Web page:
Before the Incarnation, there were no images made of God. In fact, it was expressly forbidden. But because God took on flesh and became one of us, He then had a specific appearance in time and place, and thus it is permitted for us to make an icon of God as He appears in Jesus Christ. It has been said this way:
By Fr Jason Smith
We ache because we are not full.
In The Awakening Conscience William Holman Hunt places his finger—or brush, better said, on the ache found deep within every person: We either have God who alone can fill us, or we will endlessly try to pursue the things that cannot do so.
By most standards today, the woman in Hunt’s painting should be blissfully happy, if wealth, prestige, social status, gourmet eating, sexual encounters, and the like, indeed left one filled. More…
Feast of Saint Matthew the Apostle
Blaise Pascal once wrote:
"In faith there is enough light for those who want to believe and enough shadows to blind those who don't."
The picture above, taken from the bottom portion of Rafael's Transfiguration,
Br Fr Joseph Tham, LC
Recently, Edvard Munch’s emblematic painting “The Scream” was sold for $119.9 million, and became the most expensive artwork ever sold at an auction. This painting is one of four similar works by the Norwegian expressionist artist and is also the only one to include a poem on the frame. He explained the inspiration behind this composition: More…
I had no idea that Michelangelo’s Pietà came to the United States:
You have to go to Rome to see the original Pietà. But if you can’t make it that far, there are two exact replicas New York City.
If you can’t make it to New York, Here are some photos… More…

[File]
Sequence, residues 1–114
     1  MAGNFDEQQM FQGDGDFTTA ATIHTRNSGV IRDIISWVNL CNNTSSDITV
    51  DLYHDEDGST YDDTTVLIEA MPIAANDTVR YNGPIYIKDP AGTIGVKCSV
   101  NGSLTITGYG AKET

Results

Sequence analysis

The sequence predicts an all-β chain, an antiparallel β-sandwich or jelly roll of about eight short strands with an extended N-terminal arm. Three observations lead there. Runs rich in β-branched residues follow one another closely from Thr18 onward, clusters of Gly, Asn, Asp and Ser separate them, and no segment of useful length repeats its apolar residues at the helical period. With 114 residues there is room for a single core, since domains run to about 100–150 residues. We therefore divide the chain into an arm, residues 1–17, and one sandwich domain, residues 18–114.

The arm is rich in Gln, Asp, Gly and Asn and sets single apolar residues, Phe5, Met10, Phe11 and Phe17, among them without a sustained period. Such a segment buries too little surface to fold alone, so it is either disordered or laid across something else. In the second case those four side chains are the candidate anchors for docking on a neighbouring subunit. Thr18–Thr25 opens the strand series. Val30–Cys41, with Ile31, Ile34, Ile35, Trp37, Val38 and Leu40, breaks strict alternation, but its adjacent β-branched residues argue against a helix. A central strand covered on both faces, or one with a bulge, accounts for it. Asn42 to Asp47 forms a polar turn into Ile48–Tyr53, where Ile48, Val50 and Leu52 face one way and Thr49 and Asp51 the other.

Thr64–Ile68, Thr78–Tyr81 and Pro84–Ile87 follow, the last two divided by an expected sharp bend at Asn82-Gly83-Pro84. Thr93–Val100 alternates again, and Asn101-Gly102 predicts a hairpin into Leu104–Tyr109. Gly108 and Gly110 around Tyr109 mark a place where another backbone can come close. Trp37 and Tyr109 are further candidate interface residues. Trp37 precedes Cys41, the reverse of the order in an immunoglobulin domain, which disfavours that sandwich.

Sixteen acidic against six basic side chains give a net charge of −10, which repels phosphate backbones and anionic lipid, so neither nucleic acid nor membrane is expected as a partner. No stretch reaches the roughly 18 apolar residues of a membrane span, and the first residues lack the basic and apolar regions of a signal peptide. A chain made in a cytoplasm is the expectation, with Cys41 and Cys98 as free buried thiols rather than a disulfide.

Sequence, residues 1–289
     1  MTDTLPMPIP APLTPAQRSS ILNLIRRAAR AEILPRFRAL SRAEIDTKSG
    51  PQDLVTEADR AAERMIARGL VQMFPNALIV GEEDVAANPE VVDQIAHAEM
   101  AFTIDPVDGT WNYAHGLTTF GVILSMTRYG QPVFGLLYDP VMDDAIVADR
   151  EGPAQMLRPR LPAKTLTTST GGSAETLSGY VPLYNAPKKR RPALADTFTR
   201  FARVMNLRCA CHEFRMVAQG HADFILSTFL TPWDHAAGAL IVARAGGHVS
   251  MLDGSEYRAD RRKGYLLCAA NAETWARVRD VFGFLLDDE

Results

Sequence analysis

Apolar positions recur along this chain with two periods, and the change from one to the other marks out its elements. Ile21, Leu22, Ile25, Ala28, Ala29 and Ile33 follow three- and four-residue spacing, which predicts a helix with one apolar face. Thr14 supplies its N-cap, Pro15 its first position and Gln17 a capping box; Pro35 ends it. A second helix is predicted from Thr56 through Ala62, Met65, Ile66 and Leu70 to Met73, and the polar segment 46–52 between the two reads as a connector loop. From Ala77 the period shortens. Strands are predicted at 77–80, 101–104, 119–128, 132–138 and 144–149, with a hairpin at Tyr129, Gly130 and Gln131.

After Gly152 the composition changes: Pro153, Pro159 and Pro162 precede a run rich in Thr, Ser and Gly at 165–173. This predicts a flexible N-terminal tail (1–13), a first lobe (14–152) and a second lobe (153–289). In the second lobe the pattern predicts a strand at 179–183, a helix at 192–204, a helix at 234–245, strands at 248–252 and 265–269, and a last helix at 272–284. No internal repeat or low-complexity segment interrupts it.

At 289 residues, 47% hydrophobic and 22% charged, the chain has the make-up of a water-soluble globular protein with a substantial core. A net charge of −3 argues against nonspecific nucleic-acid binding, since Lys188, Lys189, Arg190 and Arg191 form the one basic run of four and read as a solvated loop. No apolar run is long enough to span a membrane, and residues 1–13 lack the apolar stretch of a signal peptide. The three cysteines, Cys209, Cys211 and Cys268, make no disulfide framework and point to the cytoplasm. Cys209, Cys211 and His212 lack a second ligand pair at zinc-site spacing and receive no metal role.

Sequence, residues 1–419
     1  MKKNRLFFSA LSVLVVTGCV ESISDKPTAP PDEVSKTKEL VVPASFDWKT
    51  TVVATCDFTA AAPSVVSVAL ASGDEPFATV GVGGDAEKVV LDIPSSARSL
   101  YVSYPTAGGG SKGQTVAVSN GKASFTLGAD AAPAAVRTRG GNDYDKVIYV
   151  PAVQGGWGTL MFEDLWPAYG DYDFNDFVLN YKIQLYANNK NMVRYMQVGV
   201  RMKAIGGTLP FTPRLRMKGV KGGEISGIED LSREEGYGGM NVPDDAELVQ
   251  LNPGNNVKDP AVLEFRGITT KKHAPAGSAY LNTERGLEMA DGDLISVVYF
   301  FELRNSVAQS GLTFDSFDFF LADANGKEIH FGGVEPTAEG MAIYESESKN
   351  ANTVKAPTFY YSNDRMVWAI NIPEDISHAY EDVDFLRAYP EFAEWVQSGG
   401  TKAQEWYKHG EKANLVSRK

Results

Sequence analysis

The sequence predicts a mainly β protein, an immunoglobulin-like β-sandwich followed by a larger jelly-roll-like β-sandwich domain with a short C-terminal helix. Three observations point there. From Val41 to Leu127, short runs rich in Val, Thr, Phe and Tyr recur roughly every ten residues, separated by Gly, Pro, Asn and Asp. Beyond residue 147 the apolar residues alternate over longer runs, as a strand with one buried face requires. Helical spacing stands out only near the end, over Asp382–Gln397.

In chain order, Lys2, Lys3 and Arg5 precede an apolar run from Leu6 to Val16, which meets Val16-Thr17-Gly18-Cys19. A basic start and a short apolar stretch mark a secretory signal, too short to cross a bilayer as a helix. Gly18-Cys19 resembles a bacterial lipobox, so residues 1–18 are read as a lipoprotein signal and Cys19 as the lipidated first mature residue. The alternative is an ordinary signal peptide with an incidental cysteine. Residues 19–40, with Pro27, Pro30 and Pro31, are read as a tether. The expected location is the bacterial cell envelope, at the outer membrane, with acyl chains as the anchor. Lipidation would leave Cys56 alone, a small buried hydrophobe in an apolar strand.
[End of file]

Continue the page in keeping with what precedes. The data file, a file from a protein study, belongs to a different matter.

Br Andres Colmenares, LC
We have all gone through one stage of our life or another when living our Christian faith was more difficult than normal. Something happens that makes us put into question the very beliefs that were inscribed in our hearts. But Christ’s constant yearning is for us to “Believe and doubt no longer” (John 21:27).
Caravaggio was a painter who lived towards the end of the 16th century.
Faith builds on experience and gives it deeper meaning...
An art reflection from one of my students. The original article includes the painting, which did not appear in this reblogged post.
Since Thursday is the day when we contemplate the Luminous Mysteries, instituted by Blessed John Paul II, I decided to dedicate today’s article to Our Lady of Light, depicted in the painting above by Russian artist, Natalia Tsarkova. (Click on the photo above for a larger image).
Before I explain the painting, here is a video explaining the artist’s relationship with the late John Paul II. More…
(Click on images to enlarge them)
“At every time and in every place God draws close to man. He calls together all men, scattered and divided by sin, into the unity of his family, the Church.”